End-to-end Testing

What is end-to-end testing?

End-to-end testing is a strategy used to check whether your application works as expected across the entire software stack and architecture, including integration of all micro-services and components that are supposed to work together.

How do we test GitLab?

We use Omnibus GitLab to build GitLab packages and then we test these packages using the GitLab QA orchestrator tool, which is a black-box testing framework for the API and the UI.

Testing nightly builds

We run scheduled pipelines each night to test nightly builds created by Omnibus. You can find these nightly pipelines at https://gitlab.com/gitlab-org/quality/nightly/pipelines (need Developer access permissions). Results are reported in the #qa-nightly Slack channel.

Testing staging

We run scheduled pipelines each night to test staging. You can find these nightly pipelines at https://gitlab.com/gitlab-org/quality/staging/pipelines (need Developer access permissions). Results are reported in the #qa-staging Slack channel.

Testing code in merge requests

Using the package-and-qa job

It is possible to run end-to-end tests for a merge request, eventually being run in a pipeline in the gitlab-qa project, by triggering the package-and-qa manual action in the test stage (not available for forks).

This runs end-to-end tests against a custom CE and EE (with an Ultimate license) Omnibus package built from your merge request’s changes.

Manual action that starts end-to-end tests is also available in merge requests in Omnibus GitLab.

Below you can read more about how to use it and how does it work.

How does it work?

Currently, we are using multi-project pipeline-like approach to run QA pipelines.

graph LR A1 -.->|1. Triggers an omnibus-gitlab pipeline and wait for it to be done| A2 B2[`Trigger-qa` stage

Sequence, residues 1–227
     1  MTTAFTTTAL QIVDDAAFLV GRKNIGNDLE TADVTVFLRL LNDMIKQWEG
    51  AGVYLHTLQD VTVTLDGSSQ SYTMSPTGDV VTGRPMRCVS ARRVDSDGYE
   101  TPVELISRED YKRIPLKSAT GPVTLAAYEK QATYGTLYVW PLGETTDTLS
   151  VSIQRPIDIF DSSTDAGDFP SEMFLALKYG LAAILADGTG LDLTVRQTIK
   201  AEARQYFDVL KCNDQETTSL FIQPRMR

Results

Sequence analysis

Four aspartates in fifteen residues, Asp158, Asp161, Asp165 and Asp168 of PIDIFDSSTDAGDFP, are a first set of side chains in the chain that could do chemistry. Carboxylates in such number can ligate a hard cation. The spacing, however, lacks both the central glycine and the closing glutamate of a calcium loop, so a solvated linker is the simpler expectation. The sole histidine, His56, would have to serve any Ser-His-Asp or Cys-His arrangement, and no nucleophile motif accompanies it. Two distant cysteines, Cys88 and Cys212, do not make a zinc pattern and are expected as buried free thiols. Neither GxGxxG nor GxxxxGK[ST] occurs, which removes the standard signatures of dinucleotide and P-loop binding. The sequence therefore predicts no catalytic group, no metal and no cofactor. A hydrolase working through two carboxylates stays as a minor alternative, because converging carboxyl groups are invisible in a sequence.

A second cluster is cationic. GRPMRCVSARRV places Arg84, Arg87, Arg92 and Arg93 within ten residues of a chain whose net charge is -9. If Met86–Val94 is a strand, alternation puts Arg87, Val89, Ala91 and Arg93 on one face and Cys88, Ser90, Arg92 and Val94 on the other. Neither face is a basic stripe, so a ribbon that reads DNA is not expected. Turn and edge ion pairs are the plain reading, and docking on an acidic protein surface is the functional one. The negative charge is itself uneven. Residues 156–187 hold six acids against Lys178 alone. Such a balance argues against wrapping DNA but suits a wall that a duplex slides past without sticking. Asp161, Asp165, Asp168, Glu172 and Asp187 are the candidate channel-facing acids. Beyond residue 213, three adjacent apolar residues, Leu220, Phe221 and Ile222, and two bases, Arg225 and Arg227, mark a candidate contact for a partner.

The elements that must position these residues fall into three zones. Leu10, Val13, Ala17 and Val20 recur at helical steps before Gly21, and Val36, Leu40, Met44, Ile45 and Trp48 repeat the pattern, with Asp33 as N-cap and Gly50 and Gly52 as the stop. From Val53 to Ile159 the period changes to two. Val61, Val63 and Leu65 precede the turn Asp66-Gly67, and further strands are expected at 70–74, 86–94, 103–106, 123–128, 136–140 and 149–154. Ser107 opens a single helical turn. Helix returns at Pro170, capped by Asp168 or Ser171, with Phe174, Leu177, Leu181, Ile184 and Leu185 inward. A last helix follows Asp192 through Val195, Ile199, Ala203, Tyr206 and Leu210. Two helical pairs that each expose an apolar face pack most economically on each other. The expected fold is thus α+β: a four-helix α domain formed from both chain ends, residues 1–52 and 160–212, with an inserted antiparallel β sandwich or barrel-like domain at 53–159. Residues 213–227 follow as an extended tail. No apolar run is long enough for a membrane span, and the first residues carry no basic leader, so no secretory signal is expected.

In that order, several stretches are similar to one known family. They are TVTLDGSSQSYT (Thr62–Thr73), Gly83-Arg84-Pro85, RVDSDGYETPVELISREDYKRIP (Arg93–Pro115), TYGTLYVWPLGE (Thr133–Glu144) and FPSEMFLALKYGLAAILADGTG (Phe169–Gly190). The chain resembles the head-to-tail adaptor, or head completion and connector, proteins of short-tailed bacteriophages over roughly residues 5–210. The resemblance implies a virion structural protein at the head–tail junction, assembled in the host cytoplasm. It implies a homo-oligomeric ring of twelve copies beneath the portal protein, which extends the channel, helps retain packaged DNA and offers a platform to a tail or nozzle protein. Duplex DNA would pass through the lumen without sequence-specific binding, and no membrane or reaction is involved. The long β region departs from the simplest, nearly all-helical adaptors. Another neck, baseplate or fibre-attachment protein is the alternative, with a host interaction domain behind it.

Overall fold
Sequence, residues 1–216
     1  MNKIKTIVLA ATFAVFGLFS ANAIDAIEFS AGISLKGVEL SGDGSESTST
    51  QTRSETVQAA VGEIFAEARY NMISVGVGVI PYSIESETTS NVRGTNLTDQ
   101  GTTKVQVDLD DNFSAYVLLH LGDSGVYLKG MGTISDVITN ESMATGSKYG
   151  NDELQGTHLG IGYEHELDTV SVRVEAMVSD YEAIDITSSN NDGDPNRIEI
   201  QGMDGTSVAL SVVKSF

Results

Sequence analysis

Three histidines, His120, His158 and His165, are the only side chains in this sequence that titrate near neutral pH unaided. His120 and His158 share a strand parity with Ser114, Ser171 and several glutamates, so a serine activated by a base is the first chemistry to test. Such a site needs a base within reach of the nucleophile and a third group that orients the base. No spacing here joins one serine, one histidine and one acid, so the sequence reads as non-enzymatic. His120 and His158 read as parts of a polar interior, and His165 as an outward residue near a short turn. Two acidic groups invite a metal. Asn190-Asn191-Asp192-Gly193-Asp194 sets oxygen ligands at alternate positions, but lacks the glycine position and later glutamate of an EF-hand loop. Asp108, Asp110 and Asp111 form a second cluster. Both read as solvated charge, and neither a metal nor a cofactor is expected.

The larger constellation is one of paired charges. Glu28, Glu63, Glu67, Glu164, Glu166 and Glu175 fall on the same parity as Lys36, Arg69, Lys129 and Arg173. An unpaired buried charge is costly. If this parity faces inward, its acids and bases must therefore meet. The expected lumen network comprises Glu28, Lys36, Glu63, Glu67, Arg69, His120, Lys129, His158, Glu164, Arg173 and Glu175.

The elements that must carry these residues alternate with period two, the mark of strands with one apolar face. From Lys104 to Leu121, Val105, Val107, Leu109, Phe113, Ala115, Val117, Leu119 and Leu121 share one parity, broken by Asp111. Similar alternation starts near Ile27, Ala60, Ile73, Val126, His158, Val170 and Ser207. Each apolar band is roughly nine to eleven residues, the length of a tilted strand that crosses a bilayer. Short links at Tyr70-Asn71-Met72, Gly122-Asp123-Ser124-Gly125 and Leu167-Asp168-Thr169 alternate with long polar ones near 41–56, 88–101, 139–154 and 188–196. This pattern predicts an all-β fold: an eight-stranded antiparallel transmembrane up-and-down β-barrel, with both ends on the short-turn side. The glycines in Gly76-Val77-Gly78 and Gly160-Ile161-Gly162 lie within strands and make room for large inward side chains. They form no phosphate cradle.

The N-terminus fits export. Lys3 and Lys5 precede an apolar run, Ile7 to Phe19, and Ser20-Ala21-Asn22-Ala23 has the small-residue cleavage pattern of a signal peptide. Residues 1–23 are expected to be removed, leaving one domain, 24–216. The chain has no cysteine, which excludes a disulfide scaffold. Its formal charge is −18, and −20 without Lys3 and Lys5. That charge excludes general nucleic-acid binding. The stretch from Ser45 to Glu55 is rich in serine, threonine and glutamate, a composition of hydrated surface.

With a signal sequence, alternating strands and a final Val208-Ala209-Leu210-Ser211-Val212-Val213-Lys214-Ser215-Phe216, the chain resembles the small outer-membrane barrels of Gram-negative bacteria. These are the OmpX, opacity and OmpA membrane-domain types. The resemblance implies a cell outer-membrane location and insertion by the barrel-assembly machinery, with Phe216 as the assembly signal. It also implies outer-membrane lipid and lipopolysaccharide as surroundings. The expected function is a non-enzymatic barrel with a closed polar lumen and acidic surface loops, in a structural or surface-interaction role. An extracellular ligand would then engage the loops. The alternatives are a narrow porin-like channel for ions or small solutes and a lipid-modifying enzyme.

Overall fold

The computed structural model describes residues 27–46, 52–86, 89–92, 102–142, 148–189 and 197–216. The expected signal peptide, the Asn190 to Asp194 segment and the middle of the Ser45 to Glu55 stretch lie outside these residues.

`Trigger:qa-test` job] -.->|2. Triggers a gitlab-qa pipeline and wait for it to be done| A3 subgraph "gitlab-foss/gitlab pipeline" A1[`test` stage
`package-and-qa` job] end subgraph "omnibus-gitlab pipeline" A2[`Trigger-docker` stage
`Trigger:gitlab-docker` job] -->|once done| B2 end subgraph "gitlab-qa pipeline" A3>QA jobs run] -.->|3. Reports back the pipeline result to the `package-and-qa` job
and post the result on the original commit tested| A1 end
  1. Developer triggers a manual action, that can be found in CE / EE merge requests. This starts a chain of pipelines in multiple projects.

  2. The script being executed triggers a pipeline in Omnibus GitLab and waits for the resulting status. We call this a status attribution.

  3. GitLab packages are being built in the Omnibus GitLab pipeline. Packages are then pushed to its Container Registry.

  4. When packages are ready, and available in the registry, a final step in the Omnibus GitLab pipeline, triggers a new GitLab QA pipeline (those with access can view them at https://gitlab.com/gitlab-org/gitlab-qa/pipelines). It also waits for a resulting status.

  5. GitLab QA pulls images from the registry, spins-up containers and runs tests against a test environment that has been just orchestrated by the gitlab-qa tool.

  6. The result of the GitLab QA pipeline is being propagated upstream, through Omnibus, back to the CE / EE merge request.

Please note, we plan to add more specific information about the tests included in each job/scenario that runs in gitlab-qa.

With Pipeline for Merged Results

In a Pipeline for Merged Results, the pipeline runs on a new ref that contains the merge result of the source and target branch. However, this ref is not available to the gitlab-qa pipeline.